Woonsocket’s Government-Dependent Existence
In a 3,500-word piece, the Washington Post’s Elia Salow explains how the Rhode Island town of Woonsocket experiences a “monthly boom-and-bust cycle” thanks to a growing dependency on food stamps. One-third of the town’s population – 13,752 – receive food stamps:
The economy of Woonsocket was about to stir to life. Delivery trucks were moving down river roads, and stores were extending their hours. The bus company was warning riders to anticipate “heavy traffic.” A community bank, soon to experience a surge in deposits, was rolling a message across its electronic marquee on the night of Feb. 28: “Happy shopping! Enjoy the 1st.”
In the heart of downtown, Miguel Pichardo, 53, watched three trucks jockey for position at the loading dock of his family-run International Meat Market. For most of the month, his business operated as a humble milk-and-eggs corner store, but now 3,000 pounds of product were scheduled for delivery in the next few hours. He wiped the front counter and smoothed the edges of a sign posted near his register. “Yes! We take Food Stamps, SNAP, EBT!”
“Today, we fill the store up with everything,” he said. “Tomorrow, we sell it all.”
At precisely one second after midnight, on March 1, Woonsocket would experience its monthly financial windfall — nearly $2 million from the Supplemental Nutrition Assistance Program (SNAP), formerly known as food stamps. Federal money would be electronically transferred to the broke residents of a nearly bankrupt town, where it would flow first into grocery stores and then on to food companies, employees and banks, beginning the monthly cycle that has helped Woonsocket survive.
It is a commentary on both the state of the American economy and the level of dependency caused by the government’s growing entitlement regime. The article continues:
Pichardo catered his store to the unique shopping rhythms of Rhode Island, where so much about the food industry revolved around the 1st.
Every store had a gimmick for the 1st, and Pichardo’s was the meat packs, which accounted for most of his sales. The idea was to sell merchandise in bulk when customers were hungry and most likely to splurge, hours after the government had deposited an average benefit payment of $265 onto their EBT cards. The nearby Shaw’s Market had started a dollar aisle, and the dollar store had 50-cent specials. Wal-Mart stayed open 24 hours, and customers sometimes waited out the final minutes of the month with full carts near the registers, counting down to midnight.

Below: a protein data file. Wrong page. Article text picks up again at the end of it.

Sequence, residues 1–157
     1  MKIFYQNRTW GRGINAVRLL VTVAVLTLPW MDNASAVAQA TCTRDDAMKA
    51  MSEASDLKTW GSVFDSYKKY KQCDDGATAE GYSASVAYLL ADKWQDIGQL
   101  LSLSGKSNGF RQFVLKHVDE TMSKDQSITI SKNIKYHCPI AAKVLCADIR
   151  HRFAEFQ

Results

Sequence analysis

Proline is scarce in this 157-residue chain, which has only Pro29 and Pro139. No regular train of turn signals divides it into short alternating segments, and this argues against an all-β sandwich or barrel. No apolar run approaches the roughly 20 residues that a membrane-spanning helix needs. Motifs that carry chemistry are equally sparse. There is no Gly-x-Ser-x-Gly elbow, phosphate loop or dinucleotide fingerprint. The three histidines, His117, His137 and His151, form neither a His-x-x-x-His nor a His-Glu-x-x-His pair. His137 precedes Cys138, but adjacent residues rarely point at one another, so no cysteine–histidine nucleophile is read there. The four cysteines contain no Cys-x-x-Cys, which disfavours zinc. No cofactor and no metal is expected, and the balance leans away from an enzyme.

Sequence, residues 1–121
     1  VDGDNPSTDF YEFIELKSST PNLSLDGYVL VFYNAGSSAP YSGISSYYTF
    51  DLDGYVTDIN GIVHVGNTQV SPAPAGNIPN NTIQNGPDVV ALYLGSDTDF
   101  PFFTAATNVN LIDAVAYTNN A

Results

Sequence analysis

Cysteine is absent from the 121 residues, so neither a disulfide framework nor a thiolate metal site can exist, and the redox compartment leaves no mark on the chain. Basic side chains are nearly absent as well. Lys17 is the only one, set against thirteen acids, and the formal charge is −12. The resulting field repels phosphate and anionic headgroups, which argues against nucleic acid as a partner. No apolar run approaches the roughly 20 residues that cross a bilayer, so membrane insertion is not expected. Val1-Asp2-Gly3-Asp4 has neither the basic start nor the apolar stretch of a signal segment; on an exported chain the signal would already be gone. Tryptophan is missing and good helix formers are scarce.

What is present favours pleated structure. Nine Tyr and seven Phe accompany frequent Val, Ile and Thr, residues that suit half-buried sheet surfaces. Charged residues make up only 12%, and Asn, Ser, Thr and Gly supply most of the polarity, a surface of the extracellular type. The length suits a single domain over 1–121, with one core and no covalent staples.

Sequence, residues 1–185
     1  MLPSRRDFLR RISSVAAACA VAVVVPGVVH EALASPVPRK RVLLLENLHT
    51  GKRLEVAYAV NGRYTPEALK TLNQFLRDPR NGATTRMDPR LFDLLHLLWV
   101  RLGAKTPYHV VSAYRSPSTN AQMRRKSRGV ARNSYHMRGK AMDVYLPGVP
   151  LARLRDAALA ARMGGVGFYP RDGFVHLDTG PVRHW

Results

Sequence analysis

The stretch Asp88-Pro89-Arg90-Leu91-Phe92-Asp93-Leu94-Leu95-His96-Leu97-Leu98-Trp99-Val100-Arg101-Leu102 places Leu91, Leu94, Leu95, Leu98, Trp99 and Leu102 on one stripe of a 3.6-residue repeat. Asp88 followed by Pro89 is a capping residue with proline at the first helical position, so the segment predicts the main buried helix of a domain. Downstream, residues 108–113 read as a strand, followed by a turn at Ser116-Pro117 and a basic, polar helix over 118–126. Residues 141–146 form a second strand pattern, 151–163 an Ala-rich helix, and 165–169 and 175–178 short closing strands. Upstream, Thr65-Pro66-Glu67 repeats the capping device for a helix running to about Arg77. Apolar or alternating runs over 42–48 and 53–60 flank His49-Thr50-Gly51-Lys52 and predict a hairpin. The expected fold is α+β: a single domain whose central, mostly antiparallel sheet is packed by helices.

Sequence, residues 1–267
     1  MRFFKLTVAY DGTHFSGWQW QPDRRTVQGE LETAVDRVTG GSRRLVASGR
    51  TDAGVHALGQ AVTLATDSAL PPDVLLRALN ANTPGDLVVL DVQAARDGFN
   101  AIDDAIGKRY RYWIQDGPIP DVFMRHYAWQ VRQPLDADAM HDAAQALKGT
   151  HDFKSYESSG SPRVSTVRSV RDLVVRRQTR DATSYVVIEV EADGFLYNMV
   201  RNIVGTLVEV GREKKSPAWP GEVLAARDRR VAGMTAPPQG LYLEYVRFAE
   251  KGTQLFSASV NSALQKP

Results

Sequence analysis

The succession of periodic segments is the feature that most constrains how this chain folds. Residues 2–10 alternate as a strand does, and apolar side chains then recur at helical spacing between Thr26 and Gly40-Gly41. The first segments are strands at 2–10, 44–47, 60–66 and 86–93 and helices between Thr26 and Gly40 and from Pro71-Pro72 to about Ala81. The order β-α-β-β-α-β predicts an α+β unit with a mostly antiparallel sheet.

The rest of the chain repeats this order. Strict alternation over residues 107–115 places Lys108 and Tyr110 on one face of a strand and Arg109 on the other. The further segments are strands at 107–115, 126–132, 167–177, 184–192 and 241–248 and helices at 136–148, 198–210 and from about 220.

Grocery store chains had started discount spinoffs. Farmers markets had incentivized SNAP shopping by rewarding customers with $2 extra for every $5 of government money spent.
Restaurants, long forbidden from accepting SNAP, had begun a major lobbying campaign in Washington, and now a handful of Subways in Rhode Island were accepting the benefit as part of a pilot program.
But SNAP recipients at International Meat Market were allowed to spend their money only on uncooked foods — nothing hot or pre-prepared, no paper products, pet food, alcohol or cigarettes. A line formed at Pichardo’s register, and he lifted one heavy cardboard box of meat after the next.
Woonsocket, RI is known for much more than its dependency on food stamps (also known as SNAP, or Supplemental Nutrition Assistance Program). In November, we sounded the alarm that the Senate-passed farm bill would dramatically expand the definition of “rural”:
Woonsocket, the sixth largest city in Rhode Island, also appears to gain rural status. The city of nearly 44,000 brags about its “modern Multi-million dollar wastewater and water treatment facilities” that are “currently operating substantially below capacity.”
These two issues – food stamps and rural water development – may not seem related, but they are. Not only are they part of the so-called farm bill, but both speak to the issue of government dependency. As Heritage Action’s Drew White explained:
Expanding eligibility for any federal program, including rural water development grants, creates dependents. In this case, the dependents are towns that are then pitted against one another to justify their own existence. Should the provisions in the Senate farm bill become law, ”rural” America would never look the same again.
The political Left – and that includes President Obama – believe your livelihood and success are defined by the government. They believe that relying on government, being dependent upon government, is the key to upward mobility; or at the very least, stability. That has never been true and never will be. Sadly, the ones who bought into the Left’s hype are the ones now suffering the most.